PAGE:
- There might be several different dependent packages bound with RELEASE(DEALLOCATE), and copies of these various packages could be allocated to a large number of threads, such that Db2 is not able to separate all the packages from all those threads in time to keep the package-invalidating action from timing out.
Let's consider a use-case scenario to illustrate exploitation of this Db2 13-delivered capability. Suppose you're a Db2 DBA, and you need to issue an ALTER TABLE statement that will invalidate several packages, in collection COLL_A, that are bound with RELEASE(DEALLOCATE) and are executed by way of persistent threads. Not wanting this ALTER TABLE statement to time out due to conflict with the dependent RELEASE(DEALLOCATE) packages, you take this approach (and we'll assume that this is a Db2 13 system with function level 500 or higher activated):
- Sometime prior to the time you want to issue the ALTER TABLE statement (maybe 15 minutes ahead of that time, as an example), you insert a row in DSN_PROFILE_TABLE to identify a profile that is associated with the collection COLL_A (you could also do this for a specific package in COLL_A, but we'll do this for the whole collection in this case). In doing this, you put the value 'Y' in the PROFILE_ENABLED column, to let Db2 know that this profile (and its associated attributes) is "live" (i.e., in effect).
- The just-created profile, like all profiles, has an ID associated with it (an integer value). We'll say that the ID for this COLL_A-related profile is 5. In the DSN_PROFILE_ATTRIBUTES table, you insert a row for profile 5. In that row, you specify 'RELEASE_PACKAGE' for the KEYWORDS column value, and 'COMMIT' for the ATTRIBUTE1 value. For the ATTRIBUTE2 column you specify a value of 1, because (in this example) you want the RELEASE(DEALLOCATE) override action to apply only to local-to-Db2 processes (a value of NULL in the ATTRIBUTE2 column would indicate that the RELEASE(DEALLOCATE) override action is to be taken only for DDF-using processes, and a value of 2 would mean, "Take this action for all related processes, whether local-to-Db2 or involving DDF").
- You issue the Db2 command -START PROFILE, so that Db2 will load the information in the profile tables into memory. Db2 sees that profile 5 (among, possibly, others) is enabled, and takes action: every time a package in COLL_A is loaded for execution, it will be treated as though bound with RELEASE(COMMIT), even if RELEASE(DEALLOCATE) had been specified for the most recent bind or rebind of the package.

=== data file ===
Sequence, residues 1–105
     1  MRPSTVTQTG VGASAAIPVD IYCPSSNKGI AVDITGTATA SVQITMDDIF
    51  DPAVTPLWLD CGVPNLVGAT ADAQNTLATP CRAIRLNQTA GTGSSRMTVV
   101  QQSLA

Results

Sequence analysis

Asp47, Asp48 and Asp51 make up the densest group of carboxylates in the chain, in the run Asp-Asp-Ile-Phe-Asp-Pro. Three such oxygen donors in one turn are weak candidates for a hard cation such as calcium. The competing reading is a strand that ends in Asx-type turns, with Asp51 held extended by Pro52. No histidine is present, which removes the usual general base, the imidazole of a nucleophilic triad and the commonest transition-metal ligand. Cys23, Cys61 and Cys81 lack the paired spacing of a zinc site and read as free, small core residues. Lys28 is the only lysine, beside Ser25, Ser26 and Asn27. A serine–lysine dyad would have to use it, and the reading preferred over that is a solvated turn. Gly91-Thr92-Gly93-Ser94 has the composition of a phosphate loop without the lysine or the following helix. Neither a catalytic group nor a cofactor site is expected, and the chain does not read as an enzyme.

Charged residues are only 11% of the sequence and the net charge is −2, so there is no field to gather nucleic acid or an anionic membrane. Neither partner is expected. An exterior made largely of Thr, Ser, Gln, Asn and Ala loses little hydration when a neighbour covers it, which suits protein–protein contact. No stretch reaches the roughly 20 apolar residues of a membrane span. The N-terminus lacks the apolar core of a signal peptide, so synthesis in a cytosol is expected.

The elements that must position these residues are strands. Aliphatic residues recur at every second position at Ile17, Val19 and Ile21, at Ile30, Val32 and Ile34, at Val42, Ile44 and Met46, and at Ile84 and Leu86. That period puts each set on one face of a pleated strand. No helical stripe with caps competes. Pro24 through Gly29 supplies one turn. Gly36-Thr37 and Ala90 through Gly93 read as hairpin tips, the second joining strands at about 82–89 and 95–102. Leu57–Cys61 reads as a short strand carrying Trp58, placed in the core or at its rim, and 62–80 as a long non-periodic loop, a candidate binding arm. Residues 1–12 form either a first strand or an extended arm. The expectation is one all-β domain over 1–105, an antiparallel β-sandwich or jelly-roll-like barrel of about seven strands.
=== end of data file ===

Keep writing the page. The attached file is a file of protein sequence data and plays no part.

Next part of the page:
- Because you took these steps 15 minutes prior to the time for issuing the ALTER TABLE statement, Db2 had plenty of time to switch to RELEASE(COMMIT) behavior for every instance of a RELEASE(DEALLOCATE) package in COLL_A that is allocated for execution to a persistent thread. You issue the ALTER TABLE statement, and it succeeds because there are no dependent packages bound with RELEASE(DEALLOCATE) and allocated to persistent threads to block execution of the statement. Note that the application workload associated with the RELEASE(DEALLOCATE) packages continues to execute - just with RELEASE(COMMIT) behavior in effect for those packages. That means you temporarily do without the CPU efficiency benefit of RELEASE(DEALLOCATE) for the associated application(s).
- With the ALTER TABLE statement having been successfully executed, you update the row for profile 5 in DSN_PROFILE_TABLE to have 'N' in the PROFILE_ENABLED column, to show Db2 that this profile (and its attributes) is no longer in effect. A subsequent issuance of the -START PROFILE command lets Db2 know of this profile status change by re-loading the profile table information into memory.
Of course, this story is not yet over. With the ALTER TABLE statement having been successfully executed, packages dependent on the table are invalidated. What happens after that? The invalidated packages will be auto-rebound by Db2 when next requested for execution, if you don't explicitly rebind them before that happens. Db2 13 function level 504, which came out just a few days ago, delivers big news on the auto-rebind front. I'll post a blog entry on that enhancement within the next few weeks.